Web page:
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NY Mets will need to use strengthened farm system to add MLB talent

WEST PALM BEACH, FL - MARCH 07: A detailed view of the batting equipment for New York Mets before the spring training game against the Washington Nationals at The Ballpark of the Palm Beaches on March 7, 2019 in West Palm Beach, Florida. (Photo by Mark Brown/Getty Images)
WEST PALM BEACH, FL - MARCH 07: A detailed view of the batting equipment for New York Mets before the spring training game against the Washington Nationals at The Ballpark of the Palm Beaches on March 7, 2019 in West Palm Beach, Florida. (Photo by Mark Brown/Getty Images)
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It might not be today. It might not be tomorrow. But someday, the New York Mets are going to need to take advantage of the increasingly strong farm system they are building.

Everything the current regime has said or done thus far has indicated they would prefer to hold steadfast and watch these kids grow. It’s a good strategy but not the winningest formula.

With several notable prospects climbing up the ranks and actually looking like they can be big league contributors one day, the Mets need to begin to ask themselves: which of these young kids has a future at Citi Field and which ones become trade bait?

As painful as it is, the Mets will need to trade some future for the benefit of the now

The Mets could build a pretty good baseball team in a few years using only their prospects—possibly. You never know with minor league players. Some future stars become good bench players for years. Others rise up under our noses and become core members of the organization.

This franchise has multiple guys at a variety of positions we can view as future big leaguers. Identifying which ones should stay and which should go is never easy. It’s a combination of scouting and having faith in some of your players already at the major league level.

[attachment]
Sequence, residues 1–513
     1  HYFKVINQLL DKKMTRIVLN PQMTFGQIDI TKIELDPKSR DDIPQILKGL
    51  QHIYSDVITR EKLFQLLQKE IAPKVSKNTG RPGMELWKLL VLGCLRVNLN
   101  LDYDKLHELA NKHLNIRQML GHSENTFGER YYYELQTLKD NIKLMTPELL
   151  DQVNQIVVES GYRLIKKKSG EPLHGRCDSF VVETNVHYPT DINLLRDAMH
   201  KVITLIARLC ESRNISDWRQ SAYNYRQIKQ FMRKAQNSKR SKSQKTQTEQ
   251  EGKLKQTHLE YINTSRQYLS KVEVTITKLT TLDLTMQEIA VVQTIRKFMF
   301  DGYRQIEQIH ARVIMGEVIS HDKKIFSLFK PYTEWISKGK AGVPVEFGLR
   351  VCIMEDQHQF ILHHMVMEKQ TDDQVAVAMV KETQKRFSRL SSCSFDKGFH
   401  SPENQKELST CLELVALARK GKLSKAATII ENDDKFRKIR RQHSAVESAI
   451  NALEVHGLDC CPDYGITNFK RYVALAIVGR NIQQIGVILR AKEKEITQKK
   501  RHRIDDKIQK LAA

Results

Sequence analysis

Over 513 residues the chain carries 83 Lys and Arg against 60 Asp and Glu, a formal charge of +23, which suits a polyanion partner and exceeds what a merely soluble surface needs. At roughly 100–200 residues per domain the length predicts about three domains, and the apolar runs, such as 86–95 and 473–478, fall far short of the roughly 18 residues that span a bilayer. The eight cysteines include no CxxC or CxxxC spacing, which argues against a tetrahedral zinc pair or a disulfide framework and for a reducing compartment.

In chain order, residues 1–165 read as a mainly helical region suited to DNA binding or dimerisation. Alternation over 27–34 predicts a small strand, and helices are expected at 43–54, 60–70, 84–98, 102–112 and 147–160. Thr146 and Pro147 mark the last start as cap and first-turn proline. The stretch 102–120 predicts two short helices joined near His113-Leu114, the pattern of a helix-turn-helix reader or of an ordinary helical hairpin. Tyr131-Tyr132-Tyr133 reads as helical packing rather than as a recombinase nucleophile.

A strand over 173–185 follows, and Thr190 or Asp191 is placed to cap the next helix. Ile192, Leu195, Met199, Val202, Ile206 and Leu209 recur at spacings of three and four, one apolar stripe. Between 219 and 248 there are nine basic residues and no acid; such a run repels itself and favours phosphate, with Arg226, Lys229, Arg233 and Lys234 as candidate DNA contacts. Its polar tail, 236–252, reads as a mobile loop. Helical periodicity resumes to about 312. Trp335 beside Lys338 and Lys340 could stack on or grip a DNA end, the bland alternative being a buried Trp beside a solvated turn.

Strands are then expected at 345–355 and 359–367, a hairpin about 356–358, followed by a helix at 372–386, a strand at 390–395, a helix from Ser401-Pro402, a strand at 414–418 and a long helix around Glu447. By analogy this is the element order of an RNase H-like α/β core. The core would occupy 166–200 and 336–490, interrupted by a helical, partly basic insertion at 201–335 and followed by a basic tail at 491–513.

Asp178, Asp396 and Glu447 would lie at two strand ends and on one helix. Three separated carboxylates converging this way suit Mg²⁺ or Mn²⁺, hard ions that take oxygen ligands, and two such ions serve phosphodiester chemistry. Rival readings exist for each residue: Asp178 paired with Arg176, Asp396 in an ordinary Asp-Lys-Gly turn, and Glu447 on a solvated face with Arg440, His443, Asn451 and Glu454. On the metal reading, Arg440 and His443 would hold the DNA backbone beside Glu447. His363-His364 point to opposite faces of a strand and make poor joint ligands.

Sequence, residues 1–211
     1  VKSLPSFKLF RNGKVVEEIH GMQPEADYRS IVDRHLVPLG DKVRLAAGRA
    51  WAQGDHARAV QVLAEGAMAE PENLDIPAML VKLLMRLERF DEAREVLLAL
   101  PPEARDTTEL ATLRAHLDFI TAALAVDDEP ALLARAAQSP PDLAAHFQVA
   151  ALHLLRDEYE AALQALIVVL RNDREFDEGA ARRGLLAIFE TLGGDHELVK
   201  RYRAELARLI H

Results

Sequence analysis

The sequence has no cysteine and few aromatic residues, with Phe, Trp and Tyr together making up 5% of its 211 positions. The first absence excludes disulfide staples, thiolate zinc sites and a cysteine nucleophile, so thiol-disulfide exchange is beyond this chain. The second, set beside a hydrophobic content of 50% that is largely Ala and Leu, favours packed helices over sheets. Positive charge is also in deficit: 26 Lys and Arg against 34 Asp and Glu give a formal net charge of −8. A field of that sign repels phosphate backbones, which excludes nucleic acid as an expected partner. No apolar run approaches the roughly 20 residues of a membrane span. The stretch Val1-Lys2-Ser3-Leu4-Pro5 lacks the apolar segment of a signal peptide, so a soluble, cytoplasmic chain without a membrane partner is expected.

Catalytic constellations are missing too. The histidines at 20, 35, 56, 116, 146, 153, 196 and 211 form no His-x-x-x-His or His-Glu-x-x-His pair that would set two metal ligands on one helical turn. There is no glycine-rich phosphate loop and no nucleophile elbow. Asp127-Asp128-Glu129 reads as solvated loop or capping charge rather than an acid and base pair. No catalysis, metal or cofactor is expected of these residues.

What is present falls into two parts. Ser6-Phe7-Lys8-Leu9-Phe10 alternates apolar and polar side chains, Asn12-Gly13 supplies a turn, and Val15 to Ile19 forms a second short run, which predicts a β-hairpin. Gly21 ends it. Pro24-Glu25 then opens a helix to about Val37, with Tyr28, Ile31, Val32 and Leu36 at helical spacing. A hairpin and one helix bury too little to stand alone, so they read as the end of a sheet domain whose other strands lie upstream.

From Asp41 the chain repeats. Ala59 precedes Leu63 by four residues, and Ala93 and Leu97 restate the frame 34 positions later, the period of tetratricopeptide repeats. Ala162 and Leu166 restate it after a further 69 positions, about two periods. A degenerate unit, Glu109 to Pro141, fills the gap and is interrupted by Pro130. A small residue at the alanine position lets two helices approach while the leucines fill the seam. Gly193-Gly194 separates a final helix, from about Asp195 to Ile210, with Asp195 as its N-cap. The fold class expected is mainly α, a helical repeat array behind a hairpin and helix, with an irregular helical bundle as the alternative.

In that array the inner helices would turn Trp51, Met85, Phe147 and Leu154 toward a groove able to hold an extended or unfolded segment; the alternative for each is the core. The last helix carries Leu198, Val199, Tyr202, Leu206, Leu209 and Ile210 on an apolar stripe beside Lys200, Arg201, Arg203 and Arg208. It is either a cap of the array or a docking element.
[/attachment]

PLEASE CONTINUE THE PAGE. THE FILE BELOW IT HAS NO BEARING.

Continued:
As ideal as it would be to flip from one generation to the next, that’s not how timing works. The Mets already have a lot of young guys in the starting lineup. There isn’t room for everyone.

Timing the market is key

Who knows more about timing the market than billionaire hedge fund owner Steve Cohen? You know, the guy who just happens to own the Mets!

There is a market in baseball to time. You don’t want all of your players to get old and/or become free agents at the same time. This is what happened to the team in 2017 and they had little to show for it the next year as they traded away multiple pieces for not much else in return.

Moving forward, the situation should be different. We expect the club to be perennial buyers each year, at least to some extent. There’s still a market to time. For instance, we want prospect Francisco Alvarez to be ready for everyday catching duties just as James McCann’s deal is over. Whenever Pete Crow-Armstrong is knocking on the big league door, we hope there’s an opening in the outfield.

It’s impossible to time all of this perfectly. We often see notable prospects blocked by major league players. The Mets need to limit this as much as possible.

Something to note: they won’t hit on it perfectly nor should they attempt to. There are prospects we’re excited about right now that will ultimately turn into trade bait. Rather than move forward with players at a surplus position, it would make a whole lot more sense for the team to flip them for a position of need.

Next. Best trade deadline deals in Mets history

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When will this happen? The front office seems focused on doing whatever they can to improve the big league roster without putting a dent in their minor league system. Eventually, they’ll need to suffer the pain of trading away a potential future star. That’s often what it takes to win a World Series.

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